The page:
Grab the pool noodles and place them on the roof of the car. Place one near the back, one close to the front, and one in-between. You can place more if you have some extra laying around, but three are just enough to get the job done. If the noodles are wider than the width of the car, you can trim them. You can use a knife or scissors to do the job. Just be careful and don’t end up cutting yourself while trimming the pool noodles.

Next, run the ratchet straps through the hole of each pool noodle. After you’ve done that, open the doors of the car and secure the ratchet straps around the inner side of your car’s roof. Make sure that you open the doors first. In case you forget to open the doors, you may find that you got the doors strapped to and they cannot be opened.

Step 2 - Place the Kayak on Top of the Car

If possible, ask someone to help you with this. If not, no need to worry, you can still do it on your own without scratching the car. You just need to be extra careful and make sure that you place it on top of the pool noodles. After you put the kayak on top of the noodles, make sure that the noodles are positioned as they should be. If needed readjust them so they are where they should be. The pool noodles should be 28 inches apart. Same as if they were roof racks.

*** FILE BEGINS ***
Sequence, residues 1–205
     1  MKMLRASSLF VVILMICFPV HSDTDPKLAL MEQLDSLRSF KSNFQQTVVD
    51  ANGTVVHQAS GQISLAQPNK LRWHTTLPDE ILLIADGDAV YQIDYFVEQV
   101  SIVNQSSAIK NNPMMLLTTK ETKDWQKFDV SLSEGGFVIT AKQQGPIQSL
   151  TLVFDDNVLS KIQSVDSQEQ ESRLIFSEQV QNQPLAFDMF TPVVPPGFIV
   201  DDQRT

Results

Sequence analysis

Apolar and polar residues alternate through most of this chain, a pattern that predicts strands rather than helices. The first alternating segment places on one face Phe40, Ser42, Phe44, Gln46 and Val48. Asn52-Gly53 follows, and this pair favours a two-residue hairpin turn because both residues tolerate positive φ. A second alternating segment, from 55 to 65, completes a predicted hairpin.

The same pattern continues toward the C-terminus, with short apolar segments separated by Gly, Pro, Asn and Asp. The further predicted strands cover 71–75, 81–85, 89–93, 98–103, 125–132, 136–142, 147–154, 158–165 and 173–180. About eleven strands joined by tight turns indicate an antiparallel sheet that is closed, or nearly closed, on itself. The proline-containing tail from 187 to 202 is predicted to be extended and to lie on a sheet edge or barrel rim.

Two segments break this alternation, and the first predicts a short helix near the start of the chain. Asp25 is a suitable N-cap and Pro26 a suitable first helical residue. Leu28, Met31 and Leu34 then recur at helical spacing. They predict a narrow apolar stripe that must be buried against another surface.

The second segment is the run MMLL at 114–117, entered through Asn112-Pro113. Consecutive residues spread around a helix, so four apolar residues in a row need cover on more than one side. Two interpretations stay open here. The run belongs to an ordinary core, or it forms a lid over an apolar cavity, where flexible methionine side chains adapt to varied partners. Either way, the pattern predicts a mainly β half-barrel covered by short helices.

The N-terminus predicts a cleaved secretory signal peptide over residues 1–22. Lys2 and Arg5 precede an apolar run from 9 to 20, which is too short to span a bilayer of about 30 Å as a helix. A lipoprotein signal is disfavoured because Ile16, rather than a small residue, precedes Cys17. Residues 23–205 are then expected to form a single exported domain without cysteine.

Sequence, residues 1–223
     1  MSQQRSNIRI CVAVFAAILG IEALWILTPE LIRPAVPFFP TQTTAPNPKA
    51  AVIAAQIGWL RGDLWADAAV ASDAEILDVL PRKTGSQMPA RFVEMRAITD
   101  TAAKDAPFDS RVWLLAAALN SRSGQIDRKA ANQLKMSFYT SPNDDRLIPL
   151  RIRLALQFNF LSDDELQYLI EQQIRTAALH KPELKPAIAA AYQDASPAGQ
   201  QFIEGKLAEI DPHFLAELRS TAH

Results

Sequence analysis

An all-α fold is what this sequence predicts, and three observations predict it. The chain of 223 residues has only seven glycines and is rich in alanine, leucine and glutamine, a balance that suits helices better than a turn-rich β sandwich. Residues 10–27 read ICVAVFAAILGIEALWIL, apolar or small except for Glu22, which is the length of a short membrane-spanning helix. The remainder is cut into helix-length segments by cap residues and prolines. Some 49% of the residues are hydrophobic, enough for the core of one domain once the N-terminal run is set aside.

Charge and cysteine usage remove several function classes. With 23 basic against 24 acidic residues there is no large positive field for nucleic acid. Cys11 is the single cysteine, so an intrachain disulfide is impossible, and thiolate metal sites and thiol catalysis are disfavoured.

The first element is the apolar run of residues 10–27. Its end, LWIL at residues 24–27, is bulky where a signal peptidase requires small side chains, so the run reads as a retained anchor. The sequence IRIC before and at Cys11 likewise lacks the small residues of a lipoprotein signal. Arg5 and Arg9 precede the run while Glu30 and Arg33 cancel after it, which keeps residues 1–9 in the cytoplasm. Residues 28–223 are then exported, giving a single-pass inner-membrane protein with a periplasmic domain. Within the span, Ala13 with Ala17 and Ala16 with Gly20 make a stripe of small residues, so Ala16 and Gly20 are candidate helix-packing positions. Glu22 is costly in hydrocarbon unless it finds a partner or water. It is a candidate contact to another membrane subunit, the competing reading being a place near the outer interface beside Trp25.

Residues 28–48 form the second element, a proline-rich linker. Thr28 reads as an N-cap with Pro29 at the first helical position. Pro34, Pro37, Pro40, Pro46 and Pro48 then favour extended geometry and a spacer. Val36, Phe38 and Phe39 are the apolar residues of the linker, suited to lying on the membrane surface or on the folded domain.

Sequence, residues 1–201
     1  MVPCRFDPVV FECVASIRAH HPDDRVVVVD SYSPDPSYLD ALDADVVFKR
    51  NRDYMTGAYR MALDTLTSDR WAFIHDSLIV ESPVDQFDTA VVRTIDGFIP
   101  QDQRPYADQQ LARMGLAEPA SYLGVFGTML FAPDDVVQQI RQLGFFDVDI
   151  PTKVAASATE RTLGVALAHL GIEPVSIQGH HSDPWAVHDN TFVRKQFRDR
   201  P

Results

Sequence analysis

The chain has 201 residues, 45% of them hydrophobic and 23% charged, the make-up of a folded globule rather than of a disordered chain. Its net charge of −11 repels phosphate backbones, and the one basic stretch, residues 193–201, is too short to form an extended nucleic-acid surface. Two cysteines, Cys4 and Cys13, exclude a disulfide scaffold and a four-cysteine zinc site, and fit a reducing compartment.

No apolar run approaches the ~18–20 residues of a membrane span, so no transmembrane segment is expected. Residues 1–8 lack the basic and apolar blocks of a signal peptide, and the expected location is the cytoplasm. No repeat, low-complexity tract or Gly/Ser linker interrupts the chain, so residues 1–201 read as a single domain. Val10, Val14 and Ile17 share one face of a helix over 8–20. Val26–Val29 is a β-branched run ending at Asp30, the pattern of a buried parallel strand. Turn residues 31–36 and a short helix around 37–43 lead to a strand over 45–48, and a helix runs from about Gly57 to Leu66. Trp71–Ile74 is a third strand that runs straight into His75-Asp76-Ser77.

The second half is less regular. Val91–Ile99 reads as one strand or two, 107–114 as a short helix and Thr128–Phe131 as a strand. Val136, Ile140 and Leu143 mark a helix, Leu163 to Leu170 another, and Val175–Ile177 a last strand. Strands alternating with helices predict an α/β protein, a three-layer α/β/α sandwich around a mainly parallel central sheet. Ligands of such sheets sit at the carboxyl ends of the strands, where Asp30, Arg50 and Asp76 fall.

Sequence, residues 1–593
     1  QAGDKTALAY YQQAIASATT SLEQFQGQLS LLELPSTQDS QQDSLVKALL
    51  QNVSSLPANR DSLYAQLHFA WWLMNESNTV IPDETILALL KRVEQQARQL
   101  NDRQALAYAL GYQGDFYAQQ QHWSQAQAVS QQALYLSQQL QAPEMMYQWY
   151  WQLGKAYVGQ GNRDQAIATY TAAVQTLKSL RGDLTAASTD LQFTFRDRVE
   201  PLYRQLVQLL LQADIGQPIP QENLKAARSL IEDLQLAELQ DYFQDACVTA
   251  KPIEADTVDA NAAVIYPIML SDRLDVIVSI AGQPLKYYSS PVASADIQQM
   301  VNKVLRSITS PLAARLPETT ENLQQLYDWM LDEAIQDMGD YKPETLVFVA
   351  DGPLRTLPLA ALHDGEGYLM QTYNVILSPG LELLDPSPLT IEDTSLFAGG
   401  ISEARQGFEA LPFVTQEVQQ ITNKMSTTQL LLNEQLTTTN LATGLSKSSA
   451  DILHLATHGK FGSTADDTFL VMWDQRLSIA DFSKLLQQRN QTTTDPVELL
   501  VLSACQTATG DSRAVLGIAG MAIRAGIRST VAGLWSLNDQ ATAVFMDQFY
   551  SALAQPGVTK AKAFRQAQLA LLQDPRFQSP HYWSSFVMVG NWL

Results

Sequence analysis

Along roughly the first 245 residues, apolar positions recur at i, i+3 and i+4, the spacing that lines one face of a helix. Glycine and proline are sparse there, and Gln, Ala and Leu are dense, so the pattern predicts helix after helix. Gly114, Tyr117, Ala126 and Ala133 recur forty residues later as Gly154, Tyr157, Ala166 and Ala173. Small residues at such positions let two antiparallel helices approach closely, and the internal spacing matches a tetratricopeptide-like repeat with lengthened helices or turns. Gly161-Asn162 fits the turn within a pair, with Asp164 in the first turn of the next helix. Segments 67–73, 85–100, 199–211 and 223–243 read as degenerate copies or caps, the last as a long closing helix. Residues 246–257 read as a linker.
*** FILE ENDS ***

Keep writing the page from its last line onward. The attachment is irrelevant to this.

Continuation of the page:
Important Note:

The kayak should be placed upside down, the same as if it was transported with standard roof racks. That way, it will be much more stable, and the wind will press the kayak toward the roof of the vehicle.

Step 3 - Make Sure the Kayak Is Secured with the Ratchet Straps